The C-like Syntax Myth

Dec 31, 2015 · 2 min read

Thoughts on JavaScript’s success.

As Node.js was first getting popular, this was in 2011 and 2012, established programmers from other languages would tell me why JavaScript was such a popular language.

JavaScript was added to Netscape in 1995 and to IE in 1996. As the web exploded so did JavaScript. JavaScript was not alone in the browser, there were several other languages competing with it to become “the language of the web.” JavaScript won.

Established programmers would tell me that it was JavaScript’s “dynamic nature” combined with a “comfortable C-like syntax” that allowed JavaScript to win the web. I would smile, I would shake my head up and down in agreement, knowing they couldn’t be more wrong.

The growth of the web is not comparable to other programming platforms like .NET, Java or Python. While traditional platform languages show steady and even strong incremental growth you can only examine the growth of the web on a logarithmic scale.

The people with voice in our conversations about programming languages and technology are people who have come up through the industry. They are established programmers and technologists. As humans we look at new trends through the lens of our own past experiences. The experiences of existing programmers was that “dynamic languages” were the new thing and the familiar syntactic elements of languages people like them learned, C and Java, were key to the success of this new platform.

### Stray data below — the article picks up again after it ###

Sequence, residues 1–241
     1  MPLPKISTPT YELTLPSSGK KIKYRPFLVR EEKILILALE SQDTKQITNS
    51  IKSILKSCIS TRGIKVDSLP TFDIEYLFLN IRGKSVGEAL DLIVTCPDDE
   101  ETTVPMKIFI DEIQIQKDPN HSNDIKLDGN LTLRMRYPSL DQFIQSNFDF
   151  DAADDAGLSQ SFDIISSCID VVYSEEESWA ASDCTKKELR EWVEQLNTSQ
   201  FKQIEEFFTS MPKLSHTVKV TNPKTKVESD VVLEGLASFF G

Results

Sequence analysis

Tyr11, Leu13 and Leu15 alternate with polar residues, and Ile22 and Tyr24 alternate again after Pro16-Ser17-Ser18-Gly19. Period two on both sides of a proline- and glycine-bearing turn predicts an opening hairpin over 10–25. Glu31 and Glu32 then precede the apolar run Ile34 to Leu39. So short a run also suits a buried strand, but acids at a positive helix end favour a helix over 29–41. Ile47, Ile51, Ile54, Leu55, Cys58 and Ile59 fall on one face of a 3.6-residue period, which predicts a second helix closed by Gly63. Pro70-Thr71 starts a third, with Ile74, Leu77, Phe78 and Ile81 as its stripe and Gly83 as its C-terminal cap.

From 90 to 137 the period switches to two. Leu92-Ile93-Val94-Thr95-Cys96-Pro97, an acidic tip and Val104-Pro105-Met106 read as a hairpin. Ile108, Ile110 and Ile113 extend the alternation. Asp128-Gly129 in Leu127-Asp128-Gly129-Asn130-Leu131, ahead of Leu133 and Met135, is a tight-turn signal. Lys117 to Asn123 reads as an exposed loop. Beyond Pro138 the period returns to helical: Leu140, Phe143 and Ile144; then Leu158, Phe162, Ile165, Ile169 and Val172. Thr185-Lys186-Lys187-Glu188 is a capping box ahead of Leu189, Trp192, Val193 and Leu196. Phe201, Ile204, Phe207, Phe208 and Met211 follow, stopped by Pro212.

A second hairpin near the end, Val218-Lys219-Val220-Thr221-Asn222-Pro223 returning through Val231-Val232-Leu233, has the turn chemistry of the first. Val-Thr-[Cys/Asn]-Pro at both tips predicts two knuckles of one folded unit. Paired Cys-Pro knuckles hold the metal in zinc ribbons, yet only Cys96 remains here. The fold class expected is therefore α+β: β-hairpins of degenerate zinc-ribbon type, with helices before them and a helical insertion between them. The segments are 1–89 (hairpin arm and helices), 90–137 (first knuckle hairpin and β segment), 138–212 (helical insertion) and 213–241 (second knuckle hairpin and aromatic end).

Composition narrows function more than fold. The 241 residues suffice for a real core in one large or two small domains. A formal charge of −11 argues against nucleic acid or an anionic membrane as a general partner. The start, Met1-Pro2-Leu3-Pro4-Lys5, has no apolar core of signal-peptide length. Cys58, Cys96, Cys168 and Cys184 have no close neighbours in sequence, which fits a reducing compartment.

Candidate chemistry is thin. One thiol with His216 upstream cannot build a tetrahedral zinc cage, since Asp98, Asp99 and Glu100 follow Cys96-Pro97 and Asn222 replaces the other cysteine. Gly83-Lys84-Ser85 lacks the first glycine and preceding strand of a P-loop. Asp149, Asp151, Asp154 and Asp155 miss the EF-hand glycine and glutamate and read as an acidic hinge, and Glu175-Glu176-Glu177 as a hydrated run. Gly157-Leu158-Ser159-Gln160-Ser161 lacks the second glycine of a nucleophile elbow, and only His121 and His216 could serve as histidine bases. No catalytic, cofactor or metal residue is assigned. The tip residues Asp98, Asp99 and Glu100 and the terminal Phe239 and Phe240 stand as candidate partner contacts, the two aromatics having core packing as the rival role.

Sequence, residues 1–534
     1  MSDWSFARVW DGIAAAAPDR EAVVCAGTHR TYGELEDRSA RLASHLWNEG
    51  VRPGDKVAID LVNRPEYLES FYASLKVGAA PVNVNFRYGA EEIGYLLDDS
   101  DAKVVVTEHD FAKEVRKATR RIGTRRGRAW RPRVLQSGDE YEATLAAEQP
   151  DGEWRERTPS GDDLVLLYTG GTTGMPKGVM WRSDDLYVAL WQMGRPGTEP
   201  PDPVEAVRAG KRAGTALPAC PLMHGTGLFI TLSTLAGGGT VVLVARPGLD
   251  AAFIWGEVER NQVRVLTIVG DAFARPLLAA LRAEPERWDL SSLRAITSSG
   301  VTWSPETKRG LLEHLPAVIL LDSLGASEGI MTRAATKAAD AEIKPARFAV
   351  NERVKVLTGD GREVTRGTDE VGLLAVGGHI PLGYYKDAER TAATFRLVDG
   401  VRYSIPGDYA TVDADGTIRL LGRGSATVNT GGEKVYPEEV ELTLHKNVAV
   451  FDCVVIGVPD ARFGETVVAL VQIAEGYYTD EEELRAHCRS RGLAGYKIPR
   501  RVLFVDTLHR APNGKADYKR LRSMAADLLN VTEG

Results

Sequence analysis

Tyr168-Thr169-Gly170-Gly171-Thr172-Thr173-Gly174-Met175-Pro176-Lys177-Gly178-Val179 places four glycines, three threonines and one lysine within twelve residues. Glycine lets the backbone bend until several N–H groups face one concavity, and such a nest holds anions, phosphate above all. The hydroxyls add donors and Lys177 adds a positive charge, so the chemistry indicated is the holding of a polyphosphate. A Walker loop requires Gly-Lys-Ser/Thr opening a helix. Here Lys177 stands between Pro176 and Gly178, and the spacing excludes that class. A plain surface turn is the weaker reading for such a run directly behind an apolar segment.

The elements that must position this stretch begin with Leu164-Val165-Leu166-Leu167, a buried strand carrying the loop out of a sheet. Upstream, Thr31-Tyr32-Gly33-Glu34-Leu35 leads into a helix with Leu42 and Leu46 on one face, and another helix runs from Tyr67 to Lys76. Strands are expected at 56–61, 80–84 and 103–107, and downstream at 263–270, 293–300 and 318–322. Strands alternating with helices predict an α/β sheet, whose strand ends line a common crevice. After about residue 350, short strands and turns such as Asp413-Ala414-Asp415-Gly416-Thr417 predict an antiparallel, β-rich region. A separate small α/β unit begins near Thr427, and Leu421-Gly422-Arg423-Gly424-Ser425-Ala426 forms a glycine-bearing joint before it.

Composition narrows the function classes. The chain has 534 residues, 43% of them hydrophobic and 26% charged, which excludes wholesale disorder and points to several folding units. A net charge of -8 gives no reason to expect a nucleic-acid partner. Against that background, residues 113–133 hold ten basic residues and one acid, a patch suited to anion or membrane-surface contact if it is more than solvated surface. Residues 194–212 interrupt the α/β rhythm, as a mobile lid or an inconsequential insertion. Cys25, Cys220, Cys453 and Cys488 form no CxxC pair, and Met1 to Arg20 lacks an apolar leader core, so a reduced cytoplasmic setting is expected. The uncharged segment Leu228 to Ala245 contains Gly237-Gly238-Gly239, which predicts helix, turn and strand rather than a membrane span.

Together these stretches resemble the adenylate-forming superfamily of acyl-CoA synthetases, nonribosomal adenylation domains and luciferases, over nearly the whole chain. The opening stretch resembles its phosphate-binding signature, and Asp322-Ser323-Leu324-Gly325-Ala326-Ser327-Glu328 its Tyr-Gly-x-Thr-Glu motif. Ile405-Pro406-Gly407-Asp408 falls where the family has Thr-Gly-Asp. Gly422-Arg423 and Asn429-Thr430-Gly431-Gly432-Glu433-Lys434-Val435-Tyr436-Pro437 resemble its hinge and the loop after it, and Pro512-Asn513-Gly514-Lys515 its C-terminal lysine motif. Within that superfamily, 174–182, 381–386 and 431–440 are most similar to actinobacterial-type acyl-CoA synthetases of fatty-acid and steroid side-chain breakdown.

Exponential growth doesn’t come from established programmers, it comes from new programmers who did not, possibly could not, program before. It comes from amatuerizing a set of tasks so that they become accessible to an entirely new class of people than could accomplish them before.

People who knew C or Java, who had a familiarity with JavaScript’s “C-like Syntax,” had nothing to do with JavaScript’s success. At the time the web saw its first boom these programmers were still betting on Java and .NET. JavaScript succeeded because it made what those programmers did accessible to people without their background, not those with a background similar to their own.

Now JavaScript is going everywhere. It’s showing up in IoT platforms, enterprise, phones, even desktop apps. As it does it brings the kind of accessibility that the web brought to those spaces, making programming of many new tasks available to people who would not have been able to do them before.

As we watch and support this growth it’s important that we find ways to give voice to the users who are responsible for this growth, often over the louder familiar and established voices.

As a community we also have to get more comfortable building and supporting people from different backgrounds. People from the enterprise, people from different countries who speak different languages. People who may be very different from the hackers and “cyber-hobos” who first built this technology and community.


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